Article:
On March 25, 1957, France, West Germany, Italy, the Netherlands,
Belgium, and Luxembourg sign a treaty in Rome establishing the
European Economic Community (EEC), also known as the Common Market.
The EEC, which came into operation in January 1958, was a major step
in Europe's movement toward economic and political union.
By 1950, it was apparent that centuries of Western European world
supremacy was at an end. The national markets of Europe, isolated from
each other by archaic trade laws, were no match for the giant market
enjoyed by the United States. And looming over Europe from the east
was the Soviet Union, whose communist leaders commanded vast territory
and economic resources under a single system. Many European leaders
also feared the resumption of conflict between traditional European
antagonists such as France and Germany, which would only diminish the
European economies further.
As a means of improving Europe's economic climate and preventing war,
some influential statesman and political theorists suggested economic
integration. The first major step in this direction was taken in 1951,
when France and West Germany formed the European Coal and Steel
Community (ECSC), integrating their coal and steel industries. French
leaders proposed the organization primarily as a means of monitoring
German industry, and West German leaders immediately agreed, to allay
fears of German militarization. To supervise the ECSC, several
supranational bodies were established, including an executive
authority, a council of ministers, an advisory assembly, and a court
of justice to settle disputes. Italy and the three nations of the
Benelux Economic Union--Belgium, the Netherlands, and Luxembourg--soon
joined. The groundwork for the EEC was laid.
On March 25, 1957, representatives of six European nations signed two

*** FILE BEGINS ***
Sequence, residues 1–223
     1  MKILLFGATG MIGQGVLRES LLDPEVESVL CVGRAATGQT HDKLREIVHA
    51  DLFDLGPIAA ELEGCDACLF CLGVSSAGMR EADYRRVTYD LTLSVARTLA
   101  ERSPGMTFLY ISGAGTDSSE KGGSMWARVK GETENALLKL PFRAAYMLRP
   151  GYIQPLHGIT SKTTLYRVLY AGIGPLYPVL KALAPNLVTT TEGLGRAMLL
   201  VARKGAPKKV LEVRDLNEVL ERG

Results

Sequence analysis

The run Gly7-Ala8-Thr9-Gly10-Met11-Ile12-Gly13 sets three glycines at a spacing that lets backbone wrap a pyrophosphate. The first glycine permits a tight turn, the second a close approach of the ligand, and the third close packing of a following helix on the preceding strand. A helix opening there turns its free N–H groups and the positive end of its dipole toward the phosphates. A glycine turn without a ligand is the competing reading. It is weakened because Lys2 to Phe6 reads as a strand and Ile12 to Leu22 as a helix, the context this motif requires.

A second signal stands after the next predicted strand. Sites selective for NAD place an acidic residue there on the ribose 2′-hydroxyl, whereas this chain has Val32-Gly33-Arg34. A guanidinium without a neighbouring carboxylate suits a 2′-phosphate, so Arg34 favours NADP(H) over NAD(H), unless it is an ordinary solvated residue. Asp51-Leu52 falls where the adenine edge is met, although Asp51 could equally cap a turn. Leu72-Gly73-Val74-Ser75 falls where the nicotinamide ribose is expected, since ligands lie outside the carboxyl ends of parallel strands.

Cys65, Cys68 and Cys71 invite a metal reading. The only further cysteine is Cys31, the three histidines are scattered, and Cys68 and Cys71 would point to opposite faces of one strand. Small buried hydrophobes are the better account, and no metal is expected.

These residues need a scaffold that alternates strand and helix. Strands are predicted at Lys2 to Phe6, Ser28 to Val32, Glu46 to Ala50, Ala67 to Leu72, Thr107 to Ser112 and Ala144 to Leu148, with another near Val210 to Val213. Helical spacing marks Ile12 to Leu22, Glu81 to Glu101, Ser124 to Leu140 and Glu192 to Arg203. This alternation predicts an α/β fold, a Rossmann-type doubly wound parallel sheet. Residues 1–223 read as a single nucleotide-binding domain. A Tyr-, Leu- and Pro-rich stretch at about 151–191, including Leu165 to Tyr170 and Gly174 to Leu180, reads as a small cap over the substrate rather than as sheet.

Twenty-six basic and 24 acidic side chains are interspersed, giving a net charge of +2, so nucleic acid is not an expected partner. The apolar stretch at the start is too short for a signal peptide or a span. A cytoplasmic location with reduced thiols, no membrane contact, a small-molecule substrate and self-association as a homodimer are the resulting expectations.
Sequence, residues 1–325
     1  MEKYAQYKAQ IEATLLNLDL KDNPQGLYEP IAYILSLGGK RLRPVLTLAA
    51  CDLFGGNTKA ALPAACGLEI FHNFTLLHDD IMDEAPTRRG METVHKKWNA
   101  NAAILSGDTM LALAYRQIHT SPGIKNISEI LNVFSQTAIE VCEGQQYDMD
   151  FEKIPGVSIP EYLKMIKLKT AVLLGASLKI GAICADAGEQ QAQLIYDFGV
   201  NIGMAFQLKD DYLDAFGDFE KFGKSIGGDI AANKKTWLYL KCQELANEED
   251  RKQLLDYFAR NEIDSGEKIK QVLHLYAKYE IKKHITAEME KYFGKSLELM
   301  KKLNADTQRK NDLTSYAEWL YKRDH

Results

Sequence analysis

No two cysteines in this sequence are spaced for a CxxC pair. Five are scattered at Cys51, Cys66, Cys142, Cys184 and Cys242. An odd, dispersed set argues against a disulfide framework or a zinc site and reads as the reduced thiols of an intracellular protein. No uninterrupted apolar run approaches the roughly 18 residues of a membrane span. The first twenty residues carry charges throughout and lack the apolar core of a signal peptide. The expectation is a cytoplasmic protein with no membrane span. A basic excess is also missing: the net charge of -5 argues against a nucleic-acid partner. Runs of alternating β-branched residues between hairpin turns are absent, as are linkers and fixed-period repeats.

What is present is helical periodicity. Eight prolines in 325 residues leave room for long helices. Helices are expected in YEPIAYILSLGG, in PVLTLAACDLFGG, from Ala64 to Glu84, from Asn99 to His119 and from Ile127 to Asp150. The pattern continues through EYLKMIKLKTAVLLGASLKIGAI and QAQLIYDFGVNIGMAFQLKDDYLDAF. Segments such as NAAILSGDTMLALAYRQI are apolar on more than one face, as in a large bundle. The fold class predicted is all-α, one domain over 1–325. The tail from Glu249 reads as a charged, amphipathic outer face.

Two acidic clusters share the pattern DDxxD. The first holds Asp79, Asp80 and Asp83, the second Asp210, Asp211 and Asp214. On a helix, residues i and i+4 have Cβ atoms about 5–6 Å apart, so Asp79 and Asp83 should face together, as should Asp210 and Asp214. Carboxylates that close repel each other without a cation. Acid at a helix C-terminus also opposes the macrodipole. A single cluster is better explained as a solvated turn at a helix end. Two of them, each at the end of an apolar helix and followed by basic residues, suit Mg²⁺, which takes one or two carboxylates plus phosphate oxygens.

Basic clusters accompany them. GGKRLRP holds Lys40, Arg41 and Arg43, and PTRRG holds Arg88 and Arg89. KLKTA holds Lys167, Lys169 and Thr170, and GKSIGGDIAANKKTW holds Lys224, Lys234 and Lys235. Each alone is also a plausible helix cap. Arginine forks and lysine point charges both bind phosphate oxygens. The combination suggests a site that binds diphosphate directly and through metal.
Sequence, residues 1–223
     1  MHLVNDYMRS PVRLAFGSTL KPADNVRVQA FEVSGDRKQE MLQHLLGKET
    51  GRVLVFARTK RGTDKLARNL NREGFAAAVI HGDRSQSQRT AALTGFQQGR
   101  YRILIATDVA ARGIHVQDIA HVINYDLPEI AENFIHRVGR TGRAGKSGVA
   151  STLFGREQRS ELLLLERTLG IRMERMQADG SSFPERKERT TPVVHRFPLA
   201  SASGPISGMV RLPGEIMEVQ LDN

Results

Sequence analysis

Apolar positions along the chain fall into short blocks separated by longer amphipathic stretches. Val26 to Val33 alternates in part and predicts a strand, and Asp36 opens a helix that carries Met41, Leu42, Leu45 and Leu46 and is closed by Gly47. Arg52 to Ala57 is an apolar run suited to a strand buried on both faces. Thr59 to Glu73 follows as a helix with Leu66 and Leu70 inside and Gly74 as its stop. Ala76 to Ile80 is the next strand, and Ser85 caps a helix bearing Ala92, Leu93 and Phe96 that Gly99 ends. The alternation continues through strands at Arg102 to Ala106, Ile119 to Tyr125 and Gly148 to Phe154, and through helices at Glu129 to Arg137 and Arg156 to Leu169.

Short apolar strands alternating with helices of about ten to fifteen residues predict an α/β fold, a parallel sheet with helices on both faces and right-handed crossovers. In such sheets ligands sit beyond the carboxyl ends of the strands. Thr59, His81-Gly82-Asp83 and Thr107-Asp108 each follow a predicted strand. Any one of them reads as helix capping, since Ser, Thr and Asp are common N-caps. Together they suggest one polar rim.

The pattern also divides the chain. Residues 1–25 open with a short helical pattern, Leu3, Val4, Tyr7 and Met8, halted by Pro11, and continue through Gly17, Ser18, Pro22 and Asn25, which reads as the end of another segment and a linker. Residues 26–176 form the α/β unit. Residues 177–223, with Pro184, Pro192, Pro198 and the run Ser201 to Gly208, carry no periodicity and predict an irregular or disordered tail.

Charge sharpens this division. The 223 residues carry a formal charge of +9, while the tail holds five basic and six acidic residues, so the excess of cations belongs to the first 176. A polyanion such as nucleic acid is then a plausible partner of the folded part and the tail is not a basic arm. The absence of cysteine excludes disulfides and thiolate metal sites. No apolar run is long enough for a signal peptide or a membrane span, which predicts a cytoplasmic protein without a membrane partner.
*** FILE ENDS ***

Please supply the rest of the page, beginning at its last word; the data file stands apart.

treaties in Rome. One created the European Atomic Energy Community
(Euratom) for the common and peaceful development of Europe's nuclear
resources. The other created the EEC. In the Common Market, trade
barriers between member nations were gradually eliminated, and common
policies regarding transportation, agriculture, and economic relations
with nonmember countries were implemented. Eventually, labor and
capital were permitted to move freely within the boundaries of the
community. The EEC, the ECSC, and Euratom were served by a single
council of ministers, representative assembly, and court of justice.
In 1967, the three organizations were fully merged as the European
Britain and other European nations initially declined to join the
Common Market and established the weaker European Free Trade
Association (EFTA) in 1960 as an alternative. By the early 1960s,
however, the Common Market nations showed signs of significant
economic growth, and Britain changed its mind. Because of its close
ties to the United States, however, French President Charles de Gaulle
twice vetoed British admission, and Britain did not join the EC until
January 1973, when Ireland and Denmark also became EC members. Greece
joined in 1981, Portugal and Spain in 1986, and the former East
Germany as part of reunified Germany in 1990.
In early 1990s, the European Community became the basis for the
European Union (EU), which was established in 1993 following
ratification of the Maastricht Treaty. The treaty called for a
strengthened European parliament, the creation of a central European
bank and common currency, and a common defense policy. In addition to
a single European common market, member states would also participate
in a larger common market, called the European Economic Area. Austria,
Finland, and Sweden became members of the EU in 1995. As of 2006,
there were twenty-five member states in total.